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dc.contributor.authorScott, Patricia
dc.date.accessioned2013-04-08T13:29:39Z
dc.date.available2013-04-08T13:29:39Z
dc.date.issued2013
dc.identifier.citationScott , P 2013 , ' Sudden death liminality : Dehumanisation and disengagement ' , International Emergency Nursing , vol. 21 , no. 1 , pp. 10-16 . https://doi.org/10.1016/j.ienj.2011.11.005
dc.identifier.issn1755-599X
dc.identifier.otherPURE: 528617
dc.identifier.otherPURE UUID: 485d9d28-584d-483c-a4cf-13fefecbf673
dc.identifier.otherScopus: 84871718423
dc.identifier.urihttp://hdl.handle.net/2299/10319
dc.descriptionCopyright 2012 Elsevier B.V., All rights reserved.
dc.description.abstractPurpose of the research: The purpose of this paper is to understand, the uniquely held beliefs and values of emergency personnel involved in sudden death work and specifically, the process of disengagement in the space between life and death. Method: Ethnographic design enabled the researcher, an experienced emergency nurse, to engage with sudden death encounters in three emergency departments in the North of England. Nine focus groups were simultaneously conducted comprising emergency nurses; emergency paramedics and, police traffic officers. Analysis: Computerised qualitative data analysis software was used to generate sudden death themes and thick description explained the process of disengagement. Findings: Themes generated related to 'role' resignation, uncertainty, obstruction and routinisation; 'legitimacy' concerning age, mode of death and personal analogy; 'emotionality', concerning coping, exhaustion, annoyance and humour and, 'spiritual relevances' concerning relationship and embodiment. The final theme of 'liminality, dehumanisation and disengagement' is selected in this paper and discusses qualitative categories emerging from e.g. preparation of the body, washing the body, wrapping the body, handing over property and valuables, which are presented using direct quotations from the emergency personnel. Discussion: Insight was gained into the expressed perceptions of the emergency personnel in dealing with the intricate, intimate and sometimes emotional moments in sudden death work and the process of disengagement from the deceased. The discussion contributes to the emerging sociology of sudden death.en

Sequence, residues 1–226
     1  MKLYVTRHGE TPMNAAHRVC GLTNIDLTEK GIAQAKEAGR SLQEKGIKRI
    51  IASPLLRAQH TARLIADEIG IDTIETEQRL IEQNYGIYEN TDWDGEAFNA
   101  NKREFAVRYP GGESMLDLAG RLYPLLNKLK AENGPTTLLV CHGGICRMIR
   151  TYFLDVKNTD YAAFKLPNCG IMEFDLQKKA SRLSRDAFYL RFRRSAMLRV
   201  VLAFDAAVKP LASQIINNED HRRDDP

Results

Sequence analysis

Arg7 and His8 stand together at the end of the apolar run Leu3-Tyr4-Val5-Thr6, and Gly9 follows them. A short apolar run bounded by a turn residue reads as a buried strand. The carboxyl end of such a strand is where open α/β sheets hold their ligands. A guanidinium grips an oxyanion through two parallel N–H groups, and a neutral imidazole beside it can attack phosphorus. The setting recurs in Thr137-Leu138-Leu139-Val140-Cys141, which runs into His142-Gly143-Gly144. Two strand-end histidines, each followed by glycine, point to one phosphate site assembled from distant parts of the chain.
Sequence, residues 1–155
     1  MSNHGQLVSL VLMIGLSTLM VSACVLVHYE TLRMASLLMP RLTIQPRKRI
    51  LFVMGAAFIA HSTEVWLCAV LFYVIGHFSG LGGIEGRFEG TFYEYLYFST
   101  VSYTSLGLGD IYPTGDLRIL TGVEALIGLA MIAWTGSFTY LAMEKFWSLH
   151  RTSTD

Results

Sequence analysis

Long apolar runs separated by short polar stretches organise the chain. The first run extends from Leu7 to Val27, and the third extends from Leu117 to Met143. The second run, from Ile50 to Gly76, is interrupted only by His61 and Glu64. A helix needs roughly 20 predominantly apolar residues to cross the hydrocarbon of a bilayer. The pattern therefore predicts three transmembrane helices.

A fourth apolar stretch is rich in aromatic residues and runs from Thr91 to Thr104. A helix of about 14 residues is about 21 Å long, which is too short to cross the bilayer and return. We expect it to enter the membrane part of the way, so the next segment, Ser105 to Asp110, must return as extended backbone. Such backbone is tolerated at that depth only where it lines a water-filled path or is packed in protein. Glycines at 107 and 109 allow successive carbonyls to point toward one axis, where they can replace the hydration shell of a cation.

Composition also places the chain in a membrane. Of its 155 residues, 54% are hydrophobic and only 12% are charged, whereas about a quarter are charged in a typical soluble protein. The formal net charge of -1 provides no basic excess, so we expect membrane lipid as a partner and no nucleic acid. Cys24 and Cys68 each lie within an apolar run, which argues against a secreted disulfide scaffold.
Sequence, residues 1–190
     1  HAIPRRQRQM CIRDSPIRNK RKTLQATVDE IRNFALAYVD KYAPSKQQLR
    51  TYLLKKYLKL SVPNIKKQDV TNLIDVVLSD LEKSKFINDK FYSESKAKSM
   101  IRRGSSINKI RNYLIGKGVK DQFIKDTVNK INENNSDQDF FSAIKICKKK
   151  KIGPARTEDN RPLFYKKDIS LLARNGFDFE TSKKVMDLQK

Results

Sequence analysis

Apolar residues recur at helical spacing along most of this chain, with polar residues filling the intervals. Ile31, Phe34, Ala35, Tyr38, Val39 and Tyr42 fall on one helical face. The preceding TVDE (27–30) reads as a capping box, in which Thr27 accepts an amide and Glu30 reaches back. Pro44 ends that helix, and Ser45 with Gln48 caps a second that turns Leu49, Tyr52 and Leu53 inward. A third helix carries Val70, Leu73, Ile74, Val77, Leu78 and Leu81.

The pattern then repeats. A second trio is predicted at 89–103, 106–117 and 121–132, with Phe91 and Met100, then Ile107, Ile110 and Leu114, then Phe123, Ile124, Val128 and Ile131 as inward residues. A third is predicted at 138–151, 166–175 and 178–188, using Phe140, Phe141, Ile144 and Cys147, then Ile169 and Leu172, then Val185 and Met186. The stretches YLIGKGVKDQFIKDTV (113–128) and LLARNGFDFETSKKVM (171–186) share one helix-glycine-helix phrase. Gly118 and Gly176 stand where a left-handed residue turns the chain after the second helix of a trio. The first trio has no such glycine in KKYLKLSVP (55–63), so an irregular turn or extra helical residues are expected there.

dc.format.extent6
dc.language.isoeng
dc.relation.ispartofInternational Emergency Nursing
dc.titleSudden death liminality : Dehumanisation and disengagementen
dc.contributor.institutionCentre for Research in Public Health and Community Care
dc.contributor.institutionSchool of Health and Social Work
dc.contributor.institutionHealth & Human Sciences Research Institute
dc.contributor.institutionDepartment of Adult Nursing and Primary Care
dc.contributor.institutionNursing, Midwifery and Social Work
dc.description.statusPeer reviewed
dc.identifier.urlhttp://www.scopus.com/inward/record.url?scp=84555190498&partnerID=8YFLogxK
dc.relation.schoolSchool of Health and Social Work
dcterms.dateAccepted2013
rioxxterms.versionVoR
rioxxterms.versionofrecordhttps://doi.org/10.1016/j.ienj.2011.11.005
rioxxterms.typeJournal Article/Review
herts.preservation.rarelyaccessedtrue


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